Another community mainstay, Oakland Ballet, is wrestling with the loss of its spring season, including the highly anticipated Dancing Through The Ceiling, a program anchored by women choreographers, composers and designers. Collaborations with East Bay musicians, including the Oakland Symphony, and local jazz and visual artists and hip-hop crews have entrenched the company in the cultural life of the city, as have its outreach programs in the Oakland schools. Today, it’s working to deliver these programs electronically, though many students lack access to laptops and wi-fi at home.

The support of institutional funders and individual donors has enabled Zaccho Dance Theatre to continue paying administrative staff and teaching artists through the crisis. Zaccho celebrates its 40th anniversary this year in Bayview Hunters Point, where it’s used dance, notably aerial dance at historic sites, to illuminate subjects of cultural and political significance, particularly to the African American community. The city shutdown has forced Zaccho to cancel August’s San Francisco Aerial Arts Festival. And artistic director Joanna Haigood says they are faced with a challenge in bringing their youth program online, given that the work involves aerial equipment, and their students have less or inconsistent access to technology.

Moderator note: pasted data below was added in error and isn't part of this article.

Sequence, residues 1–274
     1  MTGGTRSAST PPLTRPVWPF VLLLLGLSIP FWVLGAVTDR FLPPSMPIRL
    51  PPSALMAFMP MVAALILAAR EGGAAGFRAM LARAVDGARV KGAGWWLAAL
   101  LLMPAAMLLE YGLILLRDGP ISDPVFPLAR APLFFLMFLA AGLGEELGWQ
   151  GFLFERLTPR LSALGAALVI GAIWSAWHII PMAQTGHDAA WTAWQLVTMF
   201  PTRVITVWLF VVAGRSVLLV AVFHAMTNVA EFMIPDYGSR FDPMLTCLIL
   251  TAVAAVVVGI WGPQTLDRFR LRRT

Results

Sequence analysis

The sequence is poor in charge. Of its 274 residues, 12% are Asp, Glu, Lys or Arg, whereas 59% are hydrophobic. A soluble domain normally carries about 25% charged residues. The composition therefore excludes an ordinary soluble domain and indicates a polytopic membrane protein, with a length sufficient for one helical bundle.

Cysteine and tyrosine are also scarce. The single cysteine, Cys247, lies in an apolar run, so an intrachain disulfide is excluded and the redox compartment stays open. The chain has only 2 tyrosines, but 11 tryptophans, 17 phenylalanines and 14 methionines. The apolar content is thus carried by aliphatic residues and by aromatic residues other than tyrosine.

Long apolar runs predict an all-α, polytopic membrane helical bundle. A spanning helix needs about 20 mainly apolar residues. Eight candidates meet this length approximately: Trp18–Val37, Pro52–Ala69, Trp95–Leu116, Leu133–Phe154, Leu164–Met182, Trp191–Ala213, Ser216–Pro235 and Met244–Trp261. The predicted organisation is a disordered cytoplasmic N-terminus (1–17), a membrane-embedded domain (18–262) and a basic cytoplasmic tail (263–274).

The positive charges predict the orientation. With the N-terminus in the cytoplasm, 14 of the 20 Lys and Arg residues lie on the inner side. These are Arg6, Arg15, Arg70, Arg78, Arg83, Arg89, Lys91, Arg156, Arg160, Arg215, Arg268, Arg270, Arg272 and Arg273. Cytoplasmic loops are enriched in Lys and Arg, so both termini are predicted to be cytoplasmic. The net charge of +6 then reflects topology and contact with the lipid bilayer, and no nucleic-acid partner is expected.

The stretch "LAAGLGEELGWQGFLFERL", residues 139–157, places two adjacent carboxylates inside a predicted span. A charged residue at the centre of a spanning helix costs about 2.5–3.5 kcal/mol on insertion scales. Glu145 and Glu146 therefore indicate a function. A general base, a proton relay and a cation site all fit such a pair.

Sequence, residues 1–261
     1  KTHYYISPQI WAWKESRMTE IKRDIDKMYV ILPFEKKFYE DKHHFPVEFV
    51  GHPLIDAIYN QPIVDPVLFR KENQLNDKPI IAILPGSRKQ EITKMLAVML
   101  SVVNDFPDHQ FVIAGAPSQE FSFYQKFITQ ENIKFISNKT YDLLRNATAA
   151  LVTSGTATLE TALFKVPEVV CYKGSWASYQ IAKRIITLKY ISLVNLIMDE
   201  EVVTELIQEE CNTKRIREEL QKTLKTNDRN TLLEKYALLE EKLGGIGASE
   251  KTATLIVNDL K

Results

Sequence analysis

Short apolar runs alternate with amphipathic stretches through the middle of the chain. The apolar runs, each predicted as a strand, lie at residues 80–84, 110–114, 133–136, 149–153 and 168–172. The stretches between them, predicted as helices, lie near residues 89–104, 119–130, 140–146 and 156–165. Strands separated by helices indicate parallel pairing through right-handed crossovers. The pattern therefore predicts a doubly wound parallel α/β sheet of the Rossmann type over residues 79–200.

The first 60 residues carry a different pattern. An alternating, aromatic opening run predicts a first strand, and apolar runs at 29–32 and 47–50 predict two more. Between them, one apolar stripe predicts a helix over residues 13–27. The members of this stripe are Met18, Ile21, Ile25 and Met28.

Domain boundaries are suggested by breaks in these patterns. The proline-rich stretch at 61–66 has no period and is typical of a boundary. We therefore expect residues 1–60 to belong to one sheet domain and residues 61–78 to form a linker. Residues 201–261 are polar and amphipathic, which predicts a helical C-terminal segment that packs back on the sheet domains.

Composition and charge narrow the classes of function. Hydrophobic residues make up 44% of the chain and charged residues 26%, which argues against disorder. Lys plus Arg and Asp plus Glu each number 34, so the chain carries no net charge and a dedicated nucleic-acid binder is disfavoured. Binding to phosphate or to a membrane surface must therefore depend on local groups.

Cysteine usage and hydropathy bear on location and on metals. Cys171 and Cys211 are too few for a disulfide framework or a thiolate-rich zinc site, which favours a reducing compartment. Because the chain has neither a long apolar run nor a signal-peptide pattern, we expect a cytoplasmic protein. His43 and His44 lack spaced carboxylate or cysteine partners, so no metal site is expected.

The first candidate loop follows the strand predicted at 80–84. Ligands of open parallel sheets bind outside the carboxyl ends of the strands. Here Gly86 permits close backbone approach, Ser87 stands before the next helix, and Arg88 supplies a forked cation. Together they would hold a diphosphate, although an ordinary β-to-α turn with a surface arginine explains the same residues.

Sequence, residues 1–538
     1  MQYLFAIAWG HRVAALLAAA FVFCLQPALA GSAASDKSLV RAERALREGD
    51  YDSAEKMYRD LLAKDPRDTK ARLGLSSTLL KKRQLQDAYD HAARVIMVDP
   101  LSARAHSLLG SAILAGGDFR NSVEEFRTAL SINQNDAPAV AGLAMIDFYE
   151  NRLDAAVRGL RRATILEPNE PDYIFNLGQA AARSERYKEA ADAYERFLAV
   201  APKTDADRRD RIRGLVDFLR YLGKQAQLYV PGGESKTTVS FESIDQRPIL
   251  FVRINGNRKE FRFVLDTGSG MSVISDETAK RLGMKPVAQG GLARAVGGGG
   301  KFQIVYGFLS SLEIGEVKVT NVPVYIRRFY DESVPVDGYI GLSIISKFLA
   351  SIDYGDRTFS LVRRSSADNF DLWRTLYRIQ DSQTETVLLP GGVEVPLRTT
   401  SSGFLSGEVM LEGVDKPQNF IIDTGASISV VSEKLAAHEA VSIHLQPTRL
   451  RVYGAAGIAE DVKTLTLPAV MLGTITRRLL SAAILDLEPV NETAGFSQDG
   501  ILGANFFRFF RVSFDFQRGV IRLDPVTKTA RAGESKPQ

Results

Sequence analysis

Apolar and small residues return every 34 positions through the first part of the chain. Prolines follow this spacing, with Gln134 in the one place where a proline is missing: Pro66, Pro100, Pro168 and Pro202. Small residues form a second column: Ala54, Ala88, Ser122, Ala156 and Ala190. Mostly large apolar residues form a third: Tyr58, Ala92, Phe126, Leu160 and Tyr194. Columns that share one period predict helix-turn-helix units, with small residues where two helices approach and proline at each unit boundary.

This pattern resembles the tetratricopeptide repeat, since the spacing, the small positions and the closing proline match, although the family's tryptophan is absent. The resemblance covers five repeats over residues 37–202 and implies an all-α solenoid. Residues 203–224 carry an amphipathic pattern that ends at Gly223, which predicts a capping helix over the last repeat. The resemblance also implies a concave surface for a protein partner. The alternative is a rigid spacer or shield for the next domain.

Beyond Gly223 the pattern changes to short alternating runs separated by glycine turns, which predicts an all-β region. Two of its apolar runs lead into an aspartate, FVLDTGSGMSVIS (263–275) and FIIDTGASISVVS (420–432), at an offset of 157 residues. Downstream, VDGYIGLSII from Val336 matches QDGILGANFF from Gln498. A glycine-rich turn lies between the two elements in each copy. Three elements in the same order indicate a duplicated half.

It’s a challenge Haigood is up to tackling.

“I continue to be inspired by the ingenuity and the generosity that the entire creative community has brought to this extremely difficult situation,” says Haigood. “We are so strong and resilient and I am confident that we will come through this more determined and tenacious than ever. It is the work of the artists that will help this country come to terms with this crisis and heal.”


Parts II and III of this series will run on Wednesday and Thursday.